Palm trees lining a street in Mexico
Golden Zone

These buses cost just 13 pesos per person, you pay the driver and they will give change. You don’t necessarily have to be at an official bus stop to get them to stop but you will have to flag them down.

Taxis are quite affordable and one or two can usually be found waiting outside the gate of the resort, or you can ask the front desk to call one for you.

Pulmonias are a very unique, very Mazatlán way of getting around. These open-air taxi/tuk-tuks hold up to 4 adults, are often stylishly decorated and are a more fun mode of transportation. There are always some waiting by the Riu Mazatlán gate and you will need to discuss the price ahead of time – anywhere from 100-200p to the Zona Dorada to 200-300p to the Old Town.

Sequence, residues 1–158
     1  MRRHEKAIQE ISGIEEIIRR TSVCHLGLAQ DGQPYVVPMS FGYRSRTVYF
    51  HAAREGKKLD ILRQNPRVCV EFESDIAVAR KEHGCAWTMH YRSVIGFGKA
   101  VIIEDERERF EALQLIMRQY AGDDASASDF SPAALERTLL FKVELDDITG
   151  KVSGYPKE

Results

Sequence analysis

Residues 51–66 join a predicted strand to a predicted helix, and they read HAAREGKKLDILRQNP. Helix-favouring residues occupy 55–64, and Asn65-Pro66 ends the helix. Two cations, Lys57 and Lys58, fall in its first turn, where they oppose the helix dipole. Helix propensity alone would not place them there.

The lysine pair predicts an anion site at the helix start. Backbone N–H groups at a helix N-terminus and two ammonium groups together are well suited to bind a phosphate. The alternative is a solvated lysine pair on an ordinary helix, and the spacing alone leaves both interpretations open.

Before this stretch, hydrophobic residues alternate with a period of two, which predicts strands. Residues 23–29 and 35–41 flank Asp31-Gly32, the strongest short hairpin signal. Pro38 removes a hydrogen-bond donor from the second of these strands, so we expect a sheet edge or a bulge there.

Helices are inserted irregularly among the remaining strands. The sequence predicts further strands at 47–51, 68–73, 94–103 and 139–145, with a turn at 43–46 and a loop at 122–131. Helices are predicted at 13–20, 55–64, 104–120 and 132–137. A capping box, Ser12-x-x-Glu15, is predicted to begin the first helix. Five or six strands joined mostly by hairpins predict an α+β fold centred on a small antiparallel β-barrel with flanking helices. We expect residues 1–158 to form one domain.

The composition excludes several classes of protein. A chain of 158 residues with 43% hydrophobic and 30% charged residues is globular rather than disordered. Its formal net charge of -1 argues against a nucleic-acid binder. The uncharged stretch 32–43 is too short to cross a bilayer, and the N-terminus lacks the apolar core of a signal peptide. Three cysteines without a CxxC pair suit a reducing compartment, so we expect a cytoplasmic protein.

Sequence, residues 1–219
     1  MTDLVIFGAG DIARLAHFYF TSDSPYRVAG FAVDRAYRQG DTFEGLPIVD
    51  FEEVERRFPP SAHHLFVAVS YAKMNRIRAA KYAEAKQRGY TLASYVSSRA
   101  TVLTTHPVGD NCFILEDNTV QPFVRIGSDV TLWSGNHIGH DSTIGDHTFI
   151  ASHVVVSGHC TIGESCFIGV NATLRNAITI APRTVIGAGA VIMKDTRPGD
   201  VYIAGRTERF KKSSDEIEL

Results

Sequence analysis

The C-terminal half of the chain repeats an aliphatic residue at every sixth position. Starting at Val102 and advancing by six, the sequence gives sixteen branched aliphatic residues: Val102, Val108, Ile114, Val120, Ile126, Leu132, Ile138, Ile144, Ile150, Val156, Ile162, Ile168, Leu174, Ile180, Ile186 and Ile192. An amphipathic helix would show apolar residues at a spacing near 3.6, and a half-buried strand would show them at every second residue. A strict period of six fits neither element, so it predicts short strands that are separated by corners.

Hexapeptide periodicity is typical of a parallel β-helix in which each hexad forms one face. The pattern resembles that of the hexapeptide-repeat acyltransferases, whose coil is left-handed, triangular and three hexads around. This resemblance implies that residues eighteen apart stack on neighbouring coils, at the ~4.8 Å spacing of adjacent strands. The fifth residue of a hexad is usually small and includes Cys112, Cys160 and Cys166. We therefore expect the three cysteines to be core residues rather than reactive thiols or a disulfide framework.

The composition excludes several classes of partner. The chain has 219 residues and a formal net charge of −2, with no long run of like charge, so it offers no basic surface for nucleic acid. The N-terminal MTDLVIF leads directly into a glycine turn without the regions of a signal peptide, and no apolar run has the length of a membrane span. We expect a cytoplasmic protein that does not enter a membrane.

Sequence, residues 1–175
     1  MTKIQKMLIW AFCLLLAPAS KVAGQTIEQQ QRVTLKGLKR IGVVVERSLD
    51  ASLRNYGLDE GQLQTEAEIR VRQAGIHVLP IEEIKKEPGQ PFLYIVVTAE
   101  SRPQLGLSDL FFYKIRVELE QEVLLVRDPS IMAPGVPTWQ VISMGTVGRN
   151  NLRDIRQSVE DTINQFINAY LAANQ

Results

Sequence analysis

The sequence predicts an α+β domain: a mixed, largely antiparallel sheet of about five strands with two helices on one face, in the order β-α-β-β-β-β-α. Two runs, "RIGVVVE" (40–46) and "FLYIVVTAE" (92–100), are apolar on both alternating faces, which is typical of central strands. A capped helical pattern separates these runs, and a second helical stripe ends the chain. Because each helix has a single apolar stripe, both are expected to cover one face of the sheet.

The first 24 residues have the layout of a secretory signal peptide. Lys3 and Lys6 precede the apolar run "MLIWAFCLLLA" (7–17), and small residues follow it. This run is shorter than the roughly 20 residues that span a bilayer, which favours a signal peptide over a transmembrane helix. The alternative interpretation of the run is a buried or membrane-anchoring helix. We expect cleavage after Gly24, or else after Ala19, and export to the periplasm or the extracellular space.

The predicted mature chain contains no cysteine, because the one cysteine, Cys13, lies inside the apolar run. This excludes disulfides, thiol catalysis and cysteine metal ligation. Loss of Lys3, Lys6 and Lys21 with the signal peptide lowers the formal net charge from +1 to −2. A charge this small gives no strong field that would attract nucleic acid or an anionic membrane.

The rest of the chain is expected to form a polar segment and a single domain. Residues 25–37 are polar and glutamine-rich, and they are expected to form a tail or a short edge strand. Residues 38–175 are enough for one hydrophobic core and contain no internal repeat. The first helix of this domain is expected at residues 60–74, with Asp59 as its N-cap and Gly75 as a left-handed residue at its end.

Pickup trucks with covered bench seats in the back can be found about 100 metres north of the Riu Mazatlán gate and prices are generally similar to pulmonias, making them good choices for larger groups. Plus, they all seem to have added Bluetooth now so you can connect and play your own songs in case you happen to have an alcohol-enthusiasm-for-music thing going.

Keep in mind, prices can vary considerably depending on time of day, number of people, your Spanish skills, haggling ability, desperation level and how much you actually care about saving a couple dollars.

Mazatlán: When to Go and Weather

Palm trees and umbrellas reflected in a calm pool